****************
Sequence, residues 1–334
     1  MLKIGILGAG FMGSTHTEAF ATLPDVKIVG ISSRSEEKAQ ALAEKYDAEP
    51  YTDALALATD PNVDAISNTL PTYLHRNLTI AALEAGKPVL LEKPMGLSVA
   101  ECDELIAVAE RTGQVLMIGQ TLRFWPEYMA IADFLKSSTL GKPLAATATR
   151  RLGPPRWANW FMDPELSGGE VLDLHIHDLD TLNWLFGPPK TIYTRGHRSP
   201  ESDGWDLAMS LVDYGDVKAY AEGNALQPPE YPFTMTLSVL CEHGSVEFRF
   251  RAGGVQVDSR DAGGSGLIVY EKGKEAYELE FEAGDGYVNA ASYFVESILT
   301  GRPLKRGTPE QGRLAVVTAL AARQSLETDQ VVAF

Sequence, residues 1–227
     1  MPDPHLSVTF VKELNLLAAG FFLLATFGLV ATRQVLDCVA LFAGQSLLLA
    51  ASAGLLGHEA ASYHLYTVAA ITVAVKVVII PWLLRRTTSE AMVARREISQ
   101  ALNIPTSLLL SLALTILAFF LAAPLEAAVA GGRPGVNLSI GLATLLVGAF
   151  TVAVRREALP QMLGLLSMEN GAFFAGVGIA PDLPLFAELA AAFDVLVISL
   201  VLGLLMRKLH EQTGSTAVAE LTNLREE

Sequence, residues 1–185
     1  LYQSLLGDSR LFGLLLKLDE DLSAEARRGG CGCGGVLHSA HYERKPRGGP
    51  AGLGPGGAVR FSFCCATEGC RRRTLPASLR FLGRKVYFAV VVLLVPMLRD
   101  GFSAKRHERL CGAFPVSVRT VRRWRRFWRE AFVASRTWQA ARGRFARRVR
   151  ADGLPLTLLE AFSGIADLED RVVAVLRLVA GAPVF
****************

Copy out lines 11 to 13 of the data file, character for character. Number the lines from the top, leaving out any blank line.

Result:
    51  ASAGLLGHEA ASYHLYTVAA ITVAVKVVII PWLLRRTTSE AMVARREISQ
   101  ALNIPTSLLL SLALTILAFF LAAPLEAAVA GGRPGVNLSI GLATLLVGAF
   151  TVAVRREALP QMLGLLSMEN GAFFAGVGIA PDLPLFAELA AAFDVLVISL